l. FOX News asks tonight what will happen to the $2.6 Billion that the U.S. budget granted to our Department of Defense and USAID for Ebola Response and Prevention now that the caseload in West Africa is dramatically reduced. The Ebola treatment centers that U.S. troopers built are not being utilized. I’m hoping that a portion of the $2.6 Billion will go to the WHO/UN to rebuild health care services in West Africa so that the region is ready for the next zoonotic infection outbreak. See: http://www.foxnews.com/politics/2015/02/09/as-ebola-fades-questions-arise-over-billions-in-us-aid/
2. PLoS Currents Outbreaks has posted an article by Khiabanian, et. al. from Columbia University re: two techniques to do genomic surveillance on EBOV. The article is beyond my understanding, so I include the following from the article:
“Gire et al.3 reported sequencing of ebolavirus samples from 78 patients collected during the initial introduction of the virus into Sierra Leone. Their analysis identified three distinct phylogenetic lineages and reported an evolutionary rate of ~2103 per site per year, or roughly one nucleotide change every two weeks. This corresponds to a rate almost twice as high as estimates from previous outbreaks.5 These viral evolutionary dynamics in continuous human-to-human transmission are in agreement with measurements from intra-host evolution of filoviruses in primates.6
Tracking the virus as it evolves during the course of the outbreak is an important goal of genomic surveillance, which has been facilitated with high-throughput genomics techniques. These techniques can rapidly sequence intrahost viral particles to high depth and provide estimates of allele frequencies at each position. Consensus-based approaches, which represent each patient with the majority allele measured at each position, have an inherent resolution of a single nucleotide. When the timescale of the outbreak is shorter than the average evolutionary time, as is the case with the 2014 ebolavirus outbreak, there will be insufficient genetic diversity for consensus approaches to provide good resolution into the evolution of the infectious agent. This suggests additional methods to gain what we term subnucleotide resolution into the evolutionary history of the outbreak.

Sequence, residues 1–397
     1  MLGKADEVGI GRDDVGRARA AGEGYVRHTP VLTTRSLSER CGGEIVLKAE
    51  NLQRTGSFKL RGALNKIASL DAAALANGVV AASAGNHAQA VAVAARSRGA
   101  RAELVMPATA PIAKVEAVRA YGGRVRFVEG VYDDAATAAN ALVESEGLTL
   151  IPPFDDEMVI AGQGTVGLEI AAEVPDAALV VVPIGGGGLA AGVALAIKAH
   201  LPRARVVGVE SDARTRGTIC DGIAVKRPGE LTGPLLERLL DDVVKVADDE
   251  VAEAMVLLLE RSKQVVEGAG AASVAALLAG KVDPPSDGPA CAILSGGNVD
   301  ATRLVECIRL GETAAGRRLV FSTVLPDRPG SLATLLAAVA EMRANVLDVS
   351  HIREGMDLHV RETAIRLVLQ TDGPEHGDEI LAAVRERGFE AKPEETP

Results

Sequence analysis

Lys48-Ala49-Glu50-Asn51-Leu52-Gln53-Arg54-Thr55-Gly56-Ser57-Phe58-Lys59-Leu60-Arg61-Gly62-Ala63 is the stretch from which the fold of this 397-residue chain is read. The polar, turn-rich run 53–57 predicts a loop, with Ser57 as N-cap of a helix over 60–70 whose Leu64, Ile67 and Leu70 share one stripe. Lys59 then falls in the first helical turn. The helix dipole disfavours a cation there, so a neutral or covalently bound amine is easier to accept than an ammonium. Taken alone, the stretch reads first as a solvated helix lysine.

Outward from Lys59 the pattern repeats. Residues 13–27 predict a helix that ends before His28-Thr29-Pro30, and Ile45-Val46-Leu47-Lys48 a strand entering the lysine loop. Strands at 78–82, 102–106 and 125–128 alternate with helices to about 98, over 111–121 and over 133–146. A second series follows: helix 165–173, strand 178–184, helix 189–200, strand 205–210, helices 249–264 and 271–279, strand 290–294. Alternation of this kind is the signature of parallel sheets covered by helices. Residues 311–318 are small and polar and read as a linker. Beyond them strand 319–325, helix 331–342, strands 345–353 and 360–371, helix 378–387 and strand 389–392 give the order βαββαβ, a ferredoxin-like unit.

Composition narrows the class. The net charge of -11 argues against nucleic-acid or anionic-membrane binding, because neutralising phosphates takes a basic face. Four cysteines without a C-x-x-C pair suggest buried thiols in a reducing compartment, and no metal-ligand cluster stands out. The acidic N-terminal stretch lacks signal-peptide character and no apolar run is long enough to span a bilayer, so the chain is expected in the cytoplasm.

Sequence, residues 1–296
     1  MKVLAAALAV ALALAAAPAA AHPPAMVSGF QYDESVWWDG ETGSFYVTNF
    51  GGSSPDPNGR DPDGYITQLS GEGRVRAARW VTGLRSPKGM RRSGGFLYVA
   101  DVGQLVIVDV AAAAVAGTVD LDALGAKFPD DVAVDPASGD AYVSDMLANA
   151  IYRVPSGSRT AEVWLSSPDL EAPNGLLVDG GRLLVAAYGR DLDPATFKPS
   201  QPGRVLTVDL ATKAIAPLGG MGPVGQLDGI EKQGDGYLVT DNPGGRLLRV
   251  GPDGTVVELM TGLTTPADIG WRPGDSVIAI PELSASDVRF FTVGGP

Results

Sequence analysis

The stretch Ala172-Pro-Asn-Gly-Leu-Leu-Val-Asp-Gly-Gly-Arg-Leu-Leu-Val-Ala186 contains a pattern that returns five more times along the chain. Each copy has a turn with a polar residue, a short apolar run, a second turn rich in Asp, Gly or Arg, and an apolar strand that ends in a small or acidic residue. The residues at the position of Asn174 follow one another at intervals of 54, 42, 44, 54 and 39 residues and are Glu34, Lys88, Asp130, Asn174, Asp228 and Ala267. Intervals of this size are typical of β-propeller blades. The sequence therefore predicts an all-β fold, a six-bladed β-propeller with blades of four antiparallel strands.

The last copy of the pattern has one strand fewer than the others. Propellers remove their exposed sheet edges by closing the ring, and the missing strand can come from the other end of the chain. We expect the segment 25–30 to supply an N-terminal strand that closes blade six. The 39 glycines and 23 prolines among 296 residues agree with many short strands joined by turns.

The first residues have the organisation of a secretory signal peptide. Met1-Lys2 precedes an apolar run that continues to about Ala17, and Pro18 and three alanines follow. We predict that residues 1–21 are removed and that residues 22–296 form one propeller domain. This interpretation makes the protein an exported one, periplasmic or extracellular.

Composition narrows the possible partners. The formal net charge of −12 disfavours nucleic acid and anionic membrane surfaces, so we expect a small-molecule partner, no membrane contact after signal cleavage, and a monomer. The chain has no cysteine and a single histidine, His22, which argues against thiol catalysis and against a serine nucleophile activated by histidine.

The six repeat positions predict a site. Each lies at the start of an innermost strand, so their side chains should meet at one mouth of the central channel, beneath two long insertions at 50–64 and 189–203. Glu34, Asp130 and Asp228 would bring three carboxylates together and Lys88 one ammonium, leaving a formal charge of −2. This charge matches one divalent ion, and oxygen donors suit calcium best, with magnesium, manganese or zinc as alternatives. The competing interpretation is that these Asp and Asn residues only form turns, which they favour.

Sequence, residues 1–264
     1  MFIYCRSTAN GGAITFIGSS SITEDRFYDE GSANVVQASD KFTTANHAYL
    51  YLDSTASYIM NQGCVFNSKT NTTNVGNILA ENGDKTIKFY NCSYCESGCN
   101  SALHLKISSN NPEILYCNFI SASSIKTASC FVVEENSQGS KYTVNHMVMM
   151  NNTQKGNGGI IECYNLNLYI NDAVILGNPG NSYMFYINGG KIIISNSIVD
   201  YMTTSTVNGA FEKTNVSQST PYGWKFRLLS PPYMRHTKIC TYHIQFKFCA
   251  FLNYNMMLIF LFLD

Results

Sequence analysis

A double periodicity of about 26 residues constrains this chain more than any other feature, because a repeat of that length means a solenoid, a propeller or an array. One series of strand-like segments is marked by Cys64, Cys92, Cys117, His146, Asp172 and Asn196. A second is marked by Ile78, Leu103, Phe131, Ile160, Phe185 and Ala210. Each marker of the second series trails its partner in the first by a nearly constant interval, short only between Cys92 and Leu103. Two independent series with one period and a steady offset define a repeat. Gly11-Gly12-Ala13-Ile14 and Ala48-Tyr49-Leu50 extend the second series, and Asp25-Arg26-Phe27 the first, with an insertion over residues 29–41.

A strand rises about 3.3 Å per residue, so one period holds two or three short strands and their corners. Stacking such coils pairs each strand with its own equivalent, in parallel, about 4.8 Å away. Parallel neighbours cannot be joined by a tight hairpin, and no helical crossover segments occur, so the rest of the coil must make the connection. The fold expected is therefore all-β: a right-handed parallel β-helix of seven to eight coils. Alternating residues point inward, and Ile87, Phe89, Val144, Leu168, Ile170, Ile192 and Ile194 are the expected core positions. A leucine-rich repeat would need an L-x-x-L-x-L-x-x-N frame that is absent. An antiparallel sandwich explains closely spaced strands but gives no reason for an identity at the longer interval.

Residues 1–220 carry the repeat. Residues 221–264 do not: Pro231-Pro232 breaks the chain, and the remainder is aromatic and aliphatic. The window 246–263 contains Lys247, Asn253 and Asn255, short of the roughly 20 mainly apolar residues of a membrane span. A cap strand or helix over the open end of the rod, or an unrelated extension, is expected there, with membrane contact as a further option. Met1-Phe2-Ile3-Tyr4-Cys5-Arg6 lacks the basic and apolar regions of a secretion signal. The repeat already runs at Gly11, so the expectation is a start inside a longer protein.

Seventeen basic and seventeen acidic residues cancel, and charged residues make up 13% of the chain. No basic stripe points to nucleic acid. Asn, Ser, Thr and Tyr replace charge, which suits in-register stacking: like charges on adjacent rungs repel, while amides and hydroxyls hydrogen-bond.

Here, we incorporate subclonal diversity into a phylogenetic analysis using metrics from population genetics, following suggestions in Spielman et al.7 We identify several variants whose shared presence at subclonal frequencies shed light on interesting phylogenetic relationships not captured by consensus-based analyses. Finally, we introduce an information-theoretic method with which we estimate effective viral population size within a patient and during a transmission. When consensus diversity is limited and the outbreak spread exceeds the evolutionary rate, we show that measurement of subclonal diversity can provide valuable information for genomic surveillance.”